The editor of The Daily Telegraph has hinted that the paper could be on a legal collision course with Google and Yahoo! over the aggregators' use of its content. Newspaper industry watcher Roy Greenslade reports that speaking at the Ifra newsroom conference in Paris last week, Telegraph editor Will Lewis said: Our ability to …
Good luck to the Torygraph...
They do have a point; newspapers don't publish material for the likes of Google to hoover up, Google sucks up millions of dollars in profits partly on the back of stories they didn't pay a cent for. When Google is such a patently commercial organisation, hawking ads for all manner of crap simply because you do a search, they can hardly claim any "fair use" argument (which they might be able to as a non-profit, as it is, Google answers to shareholders). Google can't go on treating the idea of copyright as nothing more than a speed bump, it is the ultimate example in externalising your costs, getting some other chump to write all your material and getting paid simply through cherry-picking the best bits.
Zero investment eh?
So, I created an account just to respond on this one.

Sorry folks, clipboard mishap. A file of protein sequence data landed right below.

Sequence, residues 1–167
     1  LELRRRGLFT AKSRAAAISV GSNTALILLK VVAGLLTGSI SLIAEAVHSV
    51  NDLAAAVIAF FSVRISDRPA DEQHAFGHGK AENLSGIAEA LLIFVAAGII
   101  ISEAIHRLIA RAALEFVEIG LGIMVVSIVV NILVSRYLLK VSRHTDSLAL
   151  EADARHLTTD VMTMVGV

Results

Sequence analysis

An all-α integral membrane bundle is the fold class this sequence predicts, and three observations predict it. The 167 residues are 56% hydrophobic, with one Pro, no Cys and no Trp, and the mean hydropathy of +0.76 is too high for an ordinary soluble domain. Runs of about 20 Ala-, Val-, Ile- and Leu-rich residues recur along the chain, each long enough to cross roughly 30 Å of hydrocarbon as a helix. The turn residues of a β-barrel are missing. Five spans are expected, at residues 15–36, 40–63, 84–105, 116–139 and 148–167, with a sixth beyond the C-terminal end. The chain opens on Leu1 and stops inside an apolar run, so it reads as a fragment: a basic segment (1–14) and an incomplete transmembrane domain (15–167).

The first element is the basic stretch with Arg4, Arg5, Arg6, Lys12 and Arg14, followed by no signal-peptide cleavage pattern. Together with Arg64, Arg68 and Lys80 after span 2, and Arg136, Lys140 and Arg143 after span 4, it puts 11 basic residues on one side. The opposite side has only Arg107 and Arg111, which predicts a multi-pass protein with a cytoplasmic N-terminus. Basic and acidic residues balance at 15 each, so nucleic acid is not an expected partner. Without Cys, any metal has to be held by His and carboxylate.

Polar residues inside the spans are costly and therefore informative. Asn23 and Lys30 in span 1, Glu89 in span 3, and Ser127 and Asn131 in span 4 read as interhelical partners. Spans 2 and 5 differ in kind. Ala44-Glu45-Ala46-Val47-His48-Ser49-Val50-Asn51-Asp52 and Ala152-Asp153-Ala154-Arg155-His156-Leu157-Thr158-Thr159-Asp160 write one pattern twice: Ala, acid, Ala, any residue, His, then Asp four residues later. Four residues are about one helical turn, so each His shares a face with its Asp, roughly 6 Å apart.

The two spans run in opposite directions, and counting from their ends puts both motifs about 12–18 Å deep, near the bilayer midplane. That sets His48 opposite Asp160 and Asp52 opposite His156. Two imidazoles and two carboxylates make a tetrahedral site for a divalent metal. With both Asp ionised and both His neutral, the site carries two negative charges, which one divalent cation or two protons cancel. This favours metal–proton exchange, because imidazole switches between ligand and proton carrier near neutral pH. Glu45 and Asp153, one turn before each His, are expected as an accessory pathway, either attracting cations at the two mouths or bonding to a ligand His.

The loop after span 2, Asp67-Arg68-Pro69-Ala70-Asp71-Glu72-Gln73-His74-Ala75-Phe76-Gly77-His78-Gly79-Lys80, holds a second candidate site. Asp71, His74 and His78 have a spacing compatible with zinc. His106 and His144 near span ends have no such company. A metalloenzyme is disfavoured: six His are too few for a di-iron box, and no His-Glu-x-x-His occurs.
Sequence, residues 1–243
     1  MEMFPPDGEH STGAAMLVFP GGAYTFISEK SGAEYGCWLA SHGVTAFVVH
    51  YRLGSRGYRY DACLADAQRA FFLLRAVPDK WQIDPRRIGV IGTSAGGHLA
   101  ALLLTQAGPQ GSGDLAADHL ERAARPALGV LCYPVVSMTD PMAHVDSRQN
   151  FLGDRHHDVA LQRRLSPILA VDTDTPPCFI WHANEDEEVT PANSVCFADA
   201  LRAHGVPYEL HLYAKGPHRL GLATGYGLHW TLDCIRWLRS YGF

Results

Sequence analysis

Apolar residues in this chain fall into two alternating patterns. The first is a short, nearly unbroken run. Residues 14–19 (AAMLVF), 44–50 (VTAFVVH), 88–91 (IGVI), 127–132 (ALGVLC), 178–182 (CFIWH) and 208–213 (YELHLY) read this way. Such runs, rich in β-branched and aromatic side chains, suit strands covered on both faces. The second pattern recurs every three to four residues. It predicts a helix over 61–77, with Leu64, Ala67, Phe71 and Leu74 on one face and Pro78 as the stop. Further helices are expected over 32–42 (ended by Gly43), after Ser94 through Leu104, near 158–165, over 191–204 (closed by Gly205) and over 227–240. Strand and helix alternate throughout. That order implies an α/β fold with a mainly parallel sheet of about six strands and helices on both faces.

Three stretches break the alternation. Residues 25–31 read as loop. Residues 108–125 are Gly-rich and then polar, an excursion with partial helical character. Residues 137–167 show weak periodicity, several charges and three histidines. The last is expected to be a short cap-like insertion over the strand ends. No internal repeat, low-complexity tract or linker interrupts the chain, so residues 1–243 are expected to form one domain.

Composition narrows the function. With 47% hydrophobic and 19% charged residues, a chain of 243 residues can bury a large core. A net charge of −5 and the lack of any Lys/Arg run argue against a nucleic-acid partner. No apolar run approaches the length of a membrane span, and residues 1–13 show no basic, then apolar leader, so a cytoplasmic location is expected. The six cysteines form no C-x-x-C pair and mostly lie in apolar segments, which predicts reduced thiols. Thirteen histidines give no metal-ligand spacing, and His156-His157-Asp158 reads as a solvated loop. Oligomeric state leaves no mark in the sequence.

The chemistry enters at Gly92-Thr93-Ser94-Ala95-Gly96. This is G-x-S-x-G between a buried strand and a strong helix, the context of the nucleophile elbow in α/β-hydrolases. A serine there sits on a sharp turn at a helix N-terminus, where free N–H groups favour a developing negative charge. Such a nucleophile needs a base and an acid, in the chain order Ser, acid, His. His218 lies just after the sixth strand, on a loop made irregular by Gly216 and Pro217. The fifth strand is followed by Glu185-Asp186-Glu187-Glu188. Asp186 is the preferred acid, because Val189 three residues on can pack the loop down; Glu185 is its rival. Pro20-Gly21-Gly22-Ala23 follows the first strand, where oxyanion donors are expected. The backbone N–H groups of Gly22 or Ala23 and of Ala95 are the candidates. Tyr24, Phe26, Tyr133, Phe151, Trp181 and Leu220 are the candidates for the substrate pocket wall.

They say Google has zero investment and is making money eh?* Let's see them come up with a overly fault tolerant distributed filesystem and indexing service, that spans the globe, give lightning quick results that are largely on target, and can cater to multiple geos, simply by changing the country code of the site (naturally defaulting to your local IP's country). I think that they are being a bunch of whiney brats on this one.
Google should delist them and see what happens.
*I realize they said content relating to zero investment, but then they have little (zero?) investment in the distribution and marketing of the data on the news feeds. Cuts both ways lads, cuts both ways.